Hiya! Bjork here.
A quick thanks to those of you that follow along with these reports for your patience on July’s report. It’s coming out later than usual.
For those that don’t follow along with these reports, here’s the deal:
Five-ish years ago we started doing a monthly report that showcased the things that we were learning as we were working on Pinch of Yum. Those first few reports shared the income we were earning. Later on we started to include the expenses as well as screenshots of our Google Analytics account.
These reports started as out as a public experiment to see if it was possible to build a food blog into a business. We continue to write these reports each month for a few reasons:
- We’re huge believers in building value over time. When it comes to these reports we believe the greatest value isn’t in a single report, but in the culmination of the past five years and the story those cumulative posts tell about building something slowly and consistently for a long period of time. We’ll never be on the cover of Fast Company, but if Slow Company started a publication we might have a chance. Good work + every day + constant improvement. We hope this long-term mindset encourages you to continue working on your thing, whatever that might be.
- These reports are an ongoing case study that we tie into Food Blogger Pro, our membership site for people building food related business online. Knowing that we do these reports once a month encourages us to continue learning, testing, building, and growing, in part so we can report back on that progress here, in part so we can continue to grow the business in general, and in part so we can teach about what we learn on Food Blogger Pro.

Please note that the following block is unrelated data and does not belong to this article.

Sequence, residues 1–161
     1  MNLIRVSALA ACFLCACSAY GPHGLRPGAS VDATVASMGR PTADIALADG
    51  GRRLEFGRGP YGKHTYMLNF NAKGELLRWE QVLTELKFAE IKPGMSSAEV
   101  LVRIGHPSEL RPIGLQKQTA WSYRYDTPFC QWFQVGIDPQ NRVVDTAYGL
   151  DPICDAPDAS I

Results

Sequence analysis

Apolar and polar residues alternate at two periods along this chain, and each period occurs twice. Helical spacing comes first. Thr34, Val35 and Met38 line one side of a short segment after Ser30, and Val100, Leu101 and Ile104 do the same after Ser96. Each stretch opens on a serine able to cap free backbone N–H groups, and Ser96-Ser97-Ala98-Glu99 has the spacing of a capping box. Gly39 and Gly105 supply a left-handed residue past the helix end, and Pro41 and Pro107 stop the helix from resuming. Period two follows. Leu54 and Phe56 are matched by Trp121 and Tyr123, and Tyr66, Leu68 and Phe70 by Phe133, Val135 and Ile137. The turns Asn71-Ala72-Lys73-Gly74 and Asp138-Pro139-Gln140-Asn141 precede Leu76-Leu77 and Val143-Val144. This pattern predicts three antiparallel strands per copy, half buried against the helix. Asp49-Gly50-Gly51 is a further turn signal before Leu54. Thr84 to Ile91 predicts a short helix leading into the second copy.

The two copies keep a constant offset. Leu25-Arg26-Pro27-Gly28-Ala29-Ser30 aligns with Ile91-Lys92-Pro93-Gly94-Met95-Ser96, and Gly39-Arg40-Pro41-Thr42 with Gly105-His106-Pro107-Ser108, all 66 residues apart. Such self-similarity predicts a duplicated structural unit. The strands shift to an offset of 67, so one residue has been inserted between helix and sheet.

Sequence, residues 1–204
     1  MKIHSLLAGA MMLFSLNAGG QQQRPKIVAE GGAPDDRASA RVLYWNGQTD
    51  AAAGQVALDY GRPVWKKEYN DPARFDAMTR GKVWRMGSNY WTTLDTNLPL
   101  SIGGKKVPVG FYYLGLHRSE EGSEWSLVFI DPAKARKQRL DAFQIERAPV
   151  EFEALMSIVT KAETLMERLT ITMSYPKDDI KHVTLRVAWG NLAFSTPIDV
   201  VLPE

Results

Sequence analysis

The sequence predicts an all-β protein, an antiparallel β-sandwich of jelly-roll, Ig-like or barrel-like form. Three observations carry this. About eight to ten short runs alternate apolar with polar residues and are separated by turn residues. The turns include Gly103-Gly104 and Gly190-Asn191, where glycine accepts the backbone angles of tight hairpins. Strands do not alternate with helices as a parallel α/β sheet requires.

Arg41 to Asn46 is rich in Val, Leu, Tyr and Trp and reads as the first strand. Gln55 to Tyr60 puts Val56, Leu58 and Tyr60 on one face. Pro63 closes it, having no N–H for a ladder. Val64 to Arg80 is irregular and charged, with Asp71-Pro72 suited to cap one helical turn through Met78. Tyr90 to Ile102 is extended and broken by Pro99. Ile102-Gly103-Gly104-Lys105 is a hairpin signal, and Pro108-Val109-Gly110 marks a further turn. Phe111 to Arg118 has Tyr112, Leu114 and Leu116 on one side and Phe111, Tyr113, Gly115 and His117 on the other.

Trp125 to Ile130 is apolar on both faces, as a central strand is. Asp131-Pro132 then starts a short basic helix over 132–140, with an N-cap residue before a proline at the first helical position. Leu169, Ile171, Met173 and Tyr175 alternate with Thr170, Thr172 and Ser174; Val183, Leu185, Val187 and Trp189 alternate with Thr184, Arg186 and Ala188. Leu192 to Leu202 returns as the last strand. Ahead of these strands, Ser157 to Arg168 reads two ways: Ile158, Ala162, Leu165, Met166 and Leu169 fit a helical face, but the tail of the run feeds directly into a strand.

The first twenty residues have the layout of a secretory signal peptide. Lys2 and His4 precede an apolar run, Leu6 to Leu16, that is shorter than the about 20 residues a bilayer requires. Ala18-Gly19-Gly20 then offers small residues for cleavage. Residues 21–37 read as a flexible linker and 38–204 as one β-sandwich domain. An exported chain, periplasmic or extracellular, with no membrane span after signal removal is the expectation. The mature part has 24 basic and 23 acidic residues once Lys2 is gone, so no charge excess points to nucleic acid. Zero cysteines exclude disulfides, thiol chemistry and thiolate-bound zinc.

- I love the internet. <— That sounds a bit generic, but I’m perpetually fascinated by what is possible online. It’s amazing. Amazing. We can connect with people all around the world, create movements, impact thinking, build businesses, laugh, cry, learn… These monthly reports are an outward expression of my fascination with the internet, and the process of writing these each month gives me a chance to hop on my imaginary-human-carrying-mind-controled-drone and fly up to 50,000 feet to see what’s happening with online businesses, both for us as well as others.
So that’s the dealio with these reports. I hope you find them helpful! Let’s jump in…
If you’re interested in learning more about some of the ways that you can monetize a food blog, we encourage you to download this free ebook, “16 Ways to Monetize Your Food Blog,” from our sister site, Food Blogger Pro!
Below are some Google Analytics screenshots from the month of July 2016.
Top Ten Traffic Sources
Mobile vs. Desktop vs. Tablet
What’s Important and Hiring
Do you ever feel like everything is important?
Social media, blog posts, photography, accounting, time with friends, time with family, sleep, unplugging from your phone, responding quickly to emails, meditating, hustling, etc, etc, etc…
One of the ways that we’ve found success is by not doing all the important things. We’ve done our best to find just a few things that are important and focus in on those.
For Lindsay that was photography, good recipes, and consistently posting.